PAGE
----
Almost all the foam work is done for Tupandactylus. Now I will coat it with acrylic resin and use gauze + resin to fill in cavities. This the mandible.
This is the inner part of the mandible. These cracks I will fill later with the acrylic resin (modelling paste).
I also worked on the details inside the head, the brain case, the orbit and temporal cavities. This is a view from the back of the head showing the upper temporal fenestra and parietal bones.
This is the back and bottom of the skull. The shiny round piece of plastic on the left side is part of the occipital bone, where the cervical spine will be attached. I have to reinforce this later with epoxy resin since I hope to be able to make a detachable yet strong connection for the spine.
I still do a lot of guesswork since I don’t have enough pictures of the pterosaurs I am making, and I have only just recently started studying a bit about skulls. I am, as usual, relying on the fact that I can always fix it later as I have done so far: research a bit, do it, see what is not right, research again, fix it, and so on. It is a good method because I can quickly start working on a three-dimensional sketch. I can test it and see what does and does not work (instead of spending a long time investigating drawings and pictures and reading scientific papers that I do not have enough background to yet understand). By testing, I can better understand the structural purpose of each bone, and it helps me direct my research to the problem I need to solve. When I do additional research after that, it is much more productive, and interesting. When I read a scientific paper after working on a 3D model, I can understand a lot more.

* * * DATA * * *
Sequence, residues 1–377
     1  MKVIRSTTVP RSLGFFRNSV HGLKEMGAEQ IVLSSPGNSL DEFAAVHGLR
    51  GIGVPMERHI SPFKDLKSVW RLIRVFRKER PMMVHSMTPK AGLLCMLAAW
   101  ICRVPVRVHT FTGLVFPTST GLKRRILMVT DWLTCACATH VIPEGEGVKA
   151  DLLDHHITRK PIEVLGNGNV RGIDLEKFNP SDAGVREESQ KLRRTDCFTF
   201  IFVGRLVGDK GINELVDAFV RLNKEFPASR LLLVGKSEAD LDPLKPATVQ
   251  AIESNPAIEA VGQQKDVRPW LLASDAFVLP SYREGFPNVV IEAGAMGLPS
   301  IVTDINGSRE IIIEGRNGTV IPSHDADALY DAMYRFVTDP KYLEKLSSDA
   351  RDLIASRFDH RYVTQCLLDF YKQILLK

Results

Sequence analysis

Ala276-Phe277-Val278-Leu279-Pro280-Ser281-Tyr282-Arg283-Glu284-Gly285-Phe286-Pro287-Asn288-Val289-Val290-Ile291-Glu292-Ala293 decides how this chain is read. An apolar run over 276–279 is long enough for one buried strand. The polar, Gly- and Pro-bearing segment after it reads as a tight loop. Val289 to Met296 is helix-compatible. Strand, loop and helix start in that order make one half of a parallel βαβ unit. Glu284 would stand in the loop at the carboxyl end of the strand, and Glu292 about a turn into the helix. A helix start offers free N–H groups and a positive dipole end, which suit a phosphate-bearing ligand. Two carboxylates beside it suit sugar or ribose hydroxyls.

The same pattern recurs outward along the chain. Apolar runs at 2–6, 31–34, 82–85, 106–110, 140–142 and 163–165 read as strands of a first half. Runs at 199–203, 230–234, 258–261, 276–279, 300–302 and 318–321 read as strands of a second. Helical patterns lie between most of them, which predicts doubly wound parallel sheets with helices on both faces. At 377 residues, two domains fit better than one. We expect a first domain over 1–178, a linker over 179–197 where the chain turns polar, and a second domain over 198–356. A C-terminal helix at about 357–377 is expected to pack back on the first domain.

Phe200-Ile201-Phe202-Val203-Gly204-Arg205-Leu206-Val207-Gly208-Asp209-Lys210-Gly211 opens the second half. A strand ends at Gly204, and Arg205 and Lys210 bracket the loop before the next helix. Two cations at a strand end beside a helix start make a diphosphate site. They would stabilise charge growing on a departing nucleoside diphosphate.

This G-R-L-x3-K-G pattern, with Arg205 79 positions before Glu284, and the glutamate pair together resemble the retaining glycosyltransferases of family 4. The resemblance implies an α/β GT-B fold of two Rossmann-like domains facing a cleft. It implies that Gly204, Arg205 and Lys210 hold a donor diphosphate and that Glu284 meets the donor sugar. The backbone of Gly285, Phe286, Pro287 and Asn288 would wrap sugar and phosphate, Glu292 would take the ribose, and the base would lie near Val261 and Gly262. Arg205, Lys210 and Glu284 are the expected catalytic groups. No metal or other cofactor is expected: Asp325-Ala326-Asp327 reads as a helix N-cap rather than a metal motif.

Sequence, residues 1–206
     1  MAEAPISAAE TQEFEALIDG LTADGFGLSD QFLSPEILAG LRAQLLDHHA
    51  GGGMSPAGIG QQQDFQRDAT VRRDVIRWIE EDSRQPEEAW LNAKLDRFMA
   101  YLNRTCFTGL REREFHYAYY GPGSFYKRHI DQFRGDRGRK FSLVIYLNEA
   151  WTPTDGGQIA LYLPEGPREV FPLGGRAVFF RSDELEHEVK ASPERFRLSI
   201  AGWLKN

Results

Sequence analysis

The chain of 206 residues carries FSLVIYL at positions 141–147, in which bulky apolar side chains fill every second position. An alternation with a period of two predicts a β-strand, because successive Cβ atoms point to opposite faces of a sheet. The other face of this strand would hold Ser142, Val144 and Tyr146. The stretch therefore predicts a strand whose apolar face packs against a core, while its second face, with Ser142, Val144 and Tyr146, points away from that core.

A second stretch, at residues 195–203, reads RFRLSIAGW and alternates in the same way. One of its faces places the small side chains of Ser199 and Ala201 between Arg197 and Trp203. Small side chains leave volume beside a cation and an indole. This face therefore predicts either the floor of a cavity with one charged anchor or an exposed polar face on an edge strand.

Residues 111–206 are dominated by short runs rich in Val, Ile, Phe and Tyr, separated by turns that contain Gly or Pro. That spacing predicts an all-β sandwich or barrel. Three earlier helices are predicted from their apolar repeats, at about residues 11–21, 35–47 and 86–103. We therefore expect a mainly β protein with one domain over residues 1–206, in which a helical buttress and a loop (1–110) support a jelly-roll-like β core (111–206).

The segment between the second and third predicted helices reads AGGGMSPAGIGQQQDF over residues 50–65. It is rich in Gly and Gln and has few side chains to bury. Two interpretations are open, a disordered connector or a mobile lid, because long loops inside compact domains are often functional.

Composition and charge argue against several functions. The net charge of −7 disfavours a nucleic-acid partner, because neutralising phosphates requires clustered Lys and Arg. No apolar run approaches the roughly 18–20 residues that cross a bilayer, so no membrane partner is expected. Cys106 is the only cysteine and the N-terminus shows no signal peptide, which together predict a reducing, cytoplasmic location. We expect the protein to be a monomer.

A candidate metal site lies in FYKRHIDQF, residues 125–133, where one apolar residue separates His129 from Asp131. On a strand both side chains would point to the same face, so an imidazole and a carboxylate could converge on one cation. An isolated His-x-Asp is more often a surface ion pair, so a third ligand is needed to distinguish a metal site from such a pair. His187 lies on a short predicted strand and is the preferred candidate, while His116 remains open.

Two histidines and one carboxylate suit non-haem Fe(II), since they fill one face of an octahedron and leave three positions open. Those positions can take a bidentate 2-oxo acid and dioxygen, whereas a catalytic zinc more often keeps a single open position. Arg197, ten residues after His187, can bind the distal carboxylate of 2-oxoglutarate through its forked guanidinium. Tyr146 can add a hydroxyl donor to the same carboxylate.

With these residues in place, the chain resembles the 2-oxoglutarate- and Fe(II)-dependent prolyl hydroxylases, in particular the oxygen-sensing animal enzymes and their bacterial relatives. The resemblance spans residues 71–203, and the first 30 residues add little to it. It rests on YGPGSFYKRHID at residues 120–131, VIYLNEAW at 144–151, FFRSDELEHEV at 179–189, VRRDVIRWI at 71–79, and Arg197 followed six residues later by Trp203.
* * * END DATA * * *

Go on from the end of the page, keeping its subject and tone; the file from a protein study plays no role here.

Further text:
The Imaginary Pterosaur family
While I am making the Tupandactylus, I am also working on a toothless dsungaripterid. Here is a family portrait of all four Imaginary Pterosaurs.